The FTA-sponsored negotiated rulemaking to determine a new standard for conducting charter operations reached agreement on the many outstanding issues before it.
The negotiation, which concluded Dec. 7 after seven months of meetings, failed, however, to reach agreements on a few critical issues, including the foundational issue of exactly what trips and services constitute charter operations.
The negotiation team, comprising members and representatives of both public and private entities and associations, had been meeting regularly in an attempt to arrive at an agreement. In the end, the complexity of the issues and existing federal mandates, as well as the specific demands of each group, led to the less-than-hoped-for result.
“Yes, we didn’t reach agreement on the definition of charter as well as a few other important provisions, but I think we did find a fair amount of common ground,” said Vic Parra, president of the United Motorcoach Association.
Parra said the proceedings also helped to increase awareness and improve understanding of existing charter regulations. “For example, Brian Scott in Largo, Fla., recently received a call from his local transit authority sending charter work his way,” he says. “This was a first.”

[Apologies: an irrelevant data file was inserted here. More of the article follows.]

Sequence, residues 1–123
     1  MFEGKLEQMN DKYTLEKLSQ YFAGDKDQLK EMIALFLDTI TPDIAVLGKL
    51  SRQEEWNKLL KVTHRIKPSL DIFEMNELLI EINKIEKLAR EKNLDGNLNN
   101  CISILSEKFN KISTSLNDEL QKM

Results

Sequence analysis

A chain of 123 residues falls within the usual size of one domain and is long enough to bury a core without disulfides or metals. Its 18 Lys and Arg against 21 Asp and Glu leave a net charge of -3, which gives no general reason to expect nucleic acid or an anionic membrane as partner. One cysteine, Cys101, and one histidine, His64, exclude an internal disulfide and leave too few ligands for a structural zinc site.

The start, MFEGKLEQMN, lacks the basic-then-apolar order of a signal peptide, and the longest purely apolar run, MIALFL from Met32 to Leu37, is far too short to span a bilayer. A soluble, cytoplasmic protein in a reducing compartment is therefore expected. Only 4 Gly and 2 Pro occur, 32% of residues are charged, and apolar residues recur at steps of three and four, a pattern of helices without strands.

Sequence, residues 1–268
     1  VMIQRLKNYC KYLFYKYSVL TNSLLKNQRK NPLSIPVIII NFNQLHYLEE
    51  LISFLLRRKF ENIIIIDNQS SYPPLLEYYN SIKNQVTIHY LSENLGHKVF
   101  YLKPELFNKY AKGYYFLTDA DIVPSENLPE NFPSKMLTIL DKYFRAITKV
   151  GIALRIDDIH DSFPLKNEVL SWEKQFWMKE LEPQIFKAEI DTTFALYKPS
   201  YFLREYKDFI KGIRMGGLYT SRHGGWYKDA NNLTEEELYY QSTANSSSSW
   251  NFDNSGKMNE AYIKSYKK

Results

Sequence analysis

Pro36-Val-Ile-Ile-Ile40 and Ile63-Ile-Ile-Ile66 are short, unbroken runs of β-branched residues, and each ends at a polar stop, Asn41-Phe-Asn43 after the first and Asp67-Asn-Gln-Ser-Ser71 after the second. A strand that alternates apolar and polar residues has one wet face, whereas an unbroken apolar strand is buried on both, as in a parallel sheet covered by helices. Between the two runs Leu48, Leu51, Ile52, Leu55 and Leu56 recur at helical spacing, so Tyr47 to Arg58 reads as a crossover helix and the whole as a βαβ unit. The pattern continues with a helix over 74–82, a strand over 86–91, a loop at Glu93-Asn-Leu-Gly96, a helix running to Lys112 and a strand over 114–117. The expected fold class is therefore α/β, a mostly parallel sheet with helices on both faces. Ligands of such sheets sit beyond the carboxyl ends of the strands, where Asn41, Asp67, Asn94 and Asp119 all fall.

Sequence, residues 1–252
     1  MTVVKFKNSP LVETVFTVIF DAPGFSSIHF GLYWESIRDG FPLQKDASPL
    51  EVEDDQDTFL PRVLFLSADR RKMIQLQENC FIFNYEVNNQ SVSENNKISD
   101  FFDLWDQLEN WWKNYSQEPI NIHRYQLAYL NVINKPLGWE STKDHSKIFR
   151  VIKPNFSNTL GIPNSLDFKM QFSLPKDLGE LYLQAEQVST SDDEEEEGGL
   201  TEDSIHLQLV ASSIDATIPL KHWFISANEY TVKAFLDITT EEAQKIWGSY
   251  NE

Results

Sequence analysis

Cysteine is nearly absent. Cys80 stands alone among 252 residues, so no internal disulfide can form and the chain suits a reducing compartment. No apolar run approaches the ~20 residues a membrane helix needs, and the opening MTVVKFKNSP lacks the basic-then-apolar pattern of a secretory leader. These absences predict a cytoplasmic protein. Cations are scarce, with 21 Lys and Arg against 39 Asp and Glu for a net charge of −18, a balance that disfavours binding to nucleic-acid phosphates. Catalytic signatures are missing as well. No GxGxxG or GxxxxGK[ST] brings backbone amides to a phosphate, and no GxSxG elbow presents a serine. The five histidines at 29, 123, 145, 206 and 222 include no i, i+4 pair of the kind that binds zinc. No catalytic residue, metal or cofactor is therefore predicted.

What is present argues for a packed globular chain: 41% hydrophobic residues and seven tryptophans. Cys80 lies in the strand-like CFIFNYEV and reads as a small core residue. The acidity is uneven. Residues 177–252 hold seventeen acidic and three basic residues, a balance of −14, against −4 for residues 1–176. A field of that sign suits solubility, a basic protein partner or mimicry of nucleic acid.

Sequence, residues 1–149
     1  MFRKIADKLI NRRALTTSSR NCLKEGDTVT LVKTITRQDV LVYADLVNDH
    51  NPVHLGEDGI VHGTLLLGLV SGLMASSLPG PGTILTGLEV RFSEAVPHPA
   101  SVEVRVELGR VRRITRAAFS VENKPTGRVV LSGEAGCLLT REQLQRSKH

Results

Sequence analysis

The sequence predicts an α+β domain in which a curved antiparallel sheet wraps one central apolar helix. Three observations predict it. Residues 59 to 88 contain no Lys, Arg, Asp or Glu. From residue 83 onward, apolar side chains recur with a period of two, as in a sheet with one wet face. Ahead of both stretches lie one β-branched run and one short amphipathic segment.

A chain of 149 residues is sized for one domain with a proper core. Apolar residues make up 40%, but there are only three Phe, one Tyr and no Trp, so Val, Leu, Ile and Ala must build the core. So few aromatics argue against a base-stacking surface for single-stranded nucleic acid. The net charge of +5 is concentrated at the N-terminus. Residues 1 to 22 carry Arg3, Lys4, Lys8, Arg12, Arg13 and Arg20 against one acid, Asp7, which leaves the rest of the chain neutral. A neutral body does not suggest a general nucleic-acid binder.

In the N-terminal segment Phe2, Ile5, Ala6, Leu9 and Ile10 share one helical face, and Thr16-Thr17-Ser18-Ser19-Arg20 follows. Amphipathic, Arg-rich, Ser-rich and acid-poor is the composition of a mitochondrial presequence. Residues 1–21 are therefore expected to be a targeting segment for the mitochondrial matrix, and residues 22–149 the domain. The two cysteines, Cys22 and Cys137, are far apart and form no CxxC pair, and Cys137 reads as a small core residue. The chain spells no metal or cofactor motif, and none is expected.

The meetings also helped to educate the FTA of the private sector’s concerns about transit systems unfairly competing with them for charter work, Parra added.
At the final meeting, the FTA and both teams of negotiators made vigorous attempts to reach agreement, but in the end, time expired without a complete resolution. Under the rules of the proceedings, unanimous consent was required for agreement.
The negotiations led to agreements on many issues, including the adoption of procedures for creating advisory opinions to examine potential charter trips to assure adherence to the regulations, the nature of groups that could be included for exempt trips and a simple, online procedure for private-sector operators to register for notification of charter opportunities.
While successes were several, they were overshadowed in the end by the issues that did not reach a resolution. In addition to the failure of the group to define “charter operations,” the negotiations also failed to come to an agreement on whether to use administrative law judges to hear violation disputes, how to create a procedure to make records of exempt and thus permitted charter trips conducted by transit agencies available for scrutiny to avoid unnecessary complaints, and the final nature of many of those special exemptions.
Costs, as expected, also formed the basis of several unresolved issues, with the public representatives seeking flexibility in offering specific charitable service and the private sector arguing that services needed to be priced using fully allocated costs.
The agreed-upon portions of the regulations emanating from the negotiation will form a partial basis for the FTA to now complete the creation of a proposed set of charter rules. The process of reaching a final set of clear and comprehensive charter rules is anticipated to be resolved in mid- to late-2007.